Business Process Management: still siloed
Business Process Management arose in the early 1990's as a response to the largely functional organisation of companies, which was associated with departmental suboptimisation and as a result: client dissatisfaction, inflexibility and a lack of workforce commitment. Business Process Management was supposed to solve these problems, by breaking through the silos of individual business functions and creating more collaboration between departments.
While we have come far since then, in a way we have replaced old silos with new ones; by creating a process, we also create a new silo. This silo will again be associated with suboptimisation, just not of a department, but of a process. Blame-allocation will still be commonplace between managers and employees of different processes. In some cases, we have not even broken through the original silos; For example, just labelling the sales function 'sales process', does not make it a process.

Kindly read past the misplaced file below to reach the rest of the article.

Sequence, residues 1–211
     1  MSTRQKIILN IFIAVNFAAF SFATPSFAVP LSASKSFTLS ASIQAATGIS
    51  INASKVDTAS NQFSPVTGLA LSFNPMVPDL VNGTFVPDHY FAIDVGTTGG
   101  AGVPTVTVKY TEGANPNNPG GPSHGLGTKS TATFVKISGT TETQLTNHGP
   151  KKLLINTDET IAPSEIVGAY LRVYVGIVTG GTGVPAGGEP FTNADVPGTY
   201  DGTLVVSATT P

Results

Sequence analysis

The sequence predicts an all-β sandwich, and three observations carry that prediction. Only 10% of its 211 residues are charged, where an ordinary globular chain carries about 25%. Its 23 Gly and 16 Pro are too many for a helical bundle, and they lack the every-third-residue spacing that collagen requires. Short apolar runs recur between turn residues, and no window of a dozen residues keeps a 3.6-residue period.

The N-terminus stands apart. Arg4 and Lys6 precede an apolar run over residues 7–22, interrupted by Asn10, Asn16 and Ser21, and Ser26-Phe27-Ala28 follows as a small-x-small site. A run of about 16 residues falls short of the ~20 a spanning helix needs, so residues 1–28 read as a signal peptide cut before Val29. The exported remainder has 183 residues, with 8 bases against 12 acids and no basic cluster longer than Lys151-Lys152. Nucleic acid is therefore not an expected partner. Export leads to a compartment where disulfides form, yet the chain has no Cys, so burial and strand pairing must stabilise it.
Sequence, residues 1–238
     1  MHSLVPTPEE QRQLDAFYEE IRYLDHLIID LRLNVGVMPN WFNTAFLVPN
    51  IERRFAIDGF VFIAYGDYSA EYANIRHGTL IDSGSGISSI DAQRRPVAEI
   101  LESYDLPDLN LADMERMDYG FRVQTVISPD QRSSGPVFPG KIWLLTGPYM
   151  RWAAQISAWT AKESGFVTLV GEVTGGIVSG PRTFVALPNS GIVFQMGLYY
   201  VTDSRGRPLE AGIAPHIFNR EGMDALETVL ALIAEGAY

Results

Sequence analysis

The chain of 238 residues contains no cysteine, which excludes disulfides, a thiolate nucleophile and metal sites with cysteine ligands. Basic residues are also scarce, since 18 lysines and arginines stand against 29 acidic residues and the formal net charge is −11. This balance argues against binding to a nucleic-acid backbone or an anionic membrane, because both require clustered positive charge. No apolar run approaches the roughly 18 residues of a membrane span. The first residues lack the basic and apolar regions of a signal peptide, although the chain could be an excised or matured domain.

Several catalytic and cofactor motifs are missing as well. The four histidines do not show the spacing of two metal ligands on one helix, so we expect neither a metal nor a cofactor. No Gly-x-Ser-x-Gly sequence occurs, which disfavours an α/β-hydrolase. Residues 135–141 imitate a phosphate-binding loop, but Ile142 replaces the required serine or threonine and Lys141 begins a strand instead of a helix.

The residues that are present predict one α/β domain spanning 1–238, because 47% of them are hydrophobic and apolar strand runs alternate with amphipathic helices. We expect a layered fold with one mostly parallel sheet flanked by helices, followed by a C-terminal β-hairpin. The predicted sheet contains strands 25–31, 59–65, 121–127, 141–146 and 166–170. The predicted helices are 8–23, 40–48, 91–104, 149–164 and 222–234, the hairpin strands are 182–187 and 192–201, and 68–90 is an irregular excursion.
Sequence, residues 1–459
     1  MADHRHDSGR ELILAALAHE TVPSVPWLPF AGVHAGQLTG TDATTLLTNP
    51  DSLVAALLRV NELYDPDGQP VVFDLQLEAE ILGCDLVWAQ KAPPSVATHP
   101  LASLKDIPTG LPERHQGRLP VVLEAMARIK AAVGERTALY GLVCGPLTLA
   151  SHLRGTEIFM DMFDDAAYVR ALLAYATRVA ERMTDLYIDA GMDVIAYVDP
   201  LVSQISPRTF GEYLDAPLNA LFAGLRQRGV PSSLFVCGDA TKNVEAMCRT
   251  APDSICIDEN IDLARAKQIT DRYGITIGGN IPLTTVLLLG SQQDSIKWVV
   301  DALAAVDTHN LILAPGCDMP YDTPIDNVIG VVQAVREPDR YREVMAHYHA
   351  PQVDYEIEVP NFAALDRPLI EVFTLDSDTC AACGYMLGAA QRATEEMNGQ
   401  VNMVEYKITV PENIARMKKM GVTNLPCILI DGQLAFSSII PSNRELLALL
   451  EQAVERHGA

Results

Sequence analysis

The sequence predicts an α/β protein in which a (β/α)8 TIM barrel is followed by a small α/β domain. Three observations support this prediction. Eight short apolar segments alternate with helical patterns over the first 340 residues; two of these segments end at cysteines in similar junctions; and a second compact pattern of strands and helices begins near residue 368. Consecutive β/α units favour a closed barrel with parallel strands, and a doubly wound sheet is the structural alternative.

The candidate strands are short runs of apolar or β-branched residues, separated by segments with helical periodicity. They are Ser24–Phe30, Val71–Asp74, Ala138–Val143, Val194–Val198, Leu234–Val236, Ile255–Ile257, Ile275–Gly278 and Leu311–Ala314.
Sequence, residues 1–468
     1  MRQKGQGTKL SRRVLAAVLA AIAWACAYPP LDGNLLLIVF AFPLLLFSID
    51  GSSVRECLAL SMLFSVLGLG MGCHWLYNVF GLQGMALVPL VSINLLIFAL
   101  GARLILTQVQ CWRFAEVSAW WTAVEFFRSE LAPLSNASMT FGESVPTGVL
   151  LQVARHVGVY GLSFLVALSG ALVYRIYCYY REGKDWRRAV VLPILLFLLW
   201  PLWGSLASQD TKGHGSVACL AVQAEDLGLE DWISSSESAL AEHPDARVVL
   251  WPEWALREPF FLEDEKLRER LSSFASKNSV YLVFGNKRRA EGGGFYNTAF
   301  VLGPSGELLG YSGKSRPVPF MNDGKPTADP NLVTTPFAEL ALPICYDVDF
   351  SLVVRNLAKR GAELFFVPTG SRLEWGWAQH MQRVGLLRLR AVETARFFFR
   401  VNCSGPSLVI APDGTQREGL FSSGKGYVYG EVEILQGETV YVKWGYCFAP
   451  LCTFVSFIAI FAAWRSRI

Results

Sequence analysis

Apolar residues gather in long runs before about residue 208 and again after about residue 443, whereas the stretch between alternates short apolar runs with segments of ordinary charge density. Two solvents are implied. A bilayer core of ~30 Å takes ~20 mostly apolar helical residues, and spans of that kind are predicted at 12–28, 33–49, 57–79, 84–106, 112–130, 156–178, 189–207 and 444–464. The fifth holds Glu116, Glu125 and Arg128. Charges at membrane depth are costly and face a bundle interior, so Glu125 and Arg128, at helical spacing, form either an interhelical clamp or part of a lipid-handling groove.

To truly create a process-oriented organisation, we must break through the boundaries of both departmental silos and process silos and facilitate better interaction between departments and indeed even between processes. To facilitate that, we must create a detailed map of the processes that are executed in our organisation as well as their relations. Only then can we fully benefit from what Business Process Management has to offer.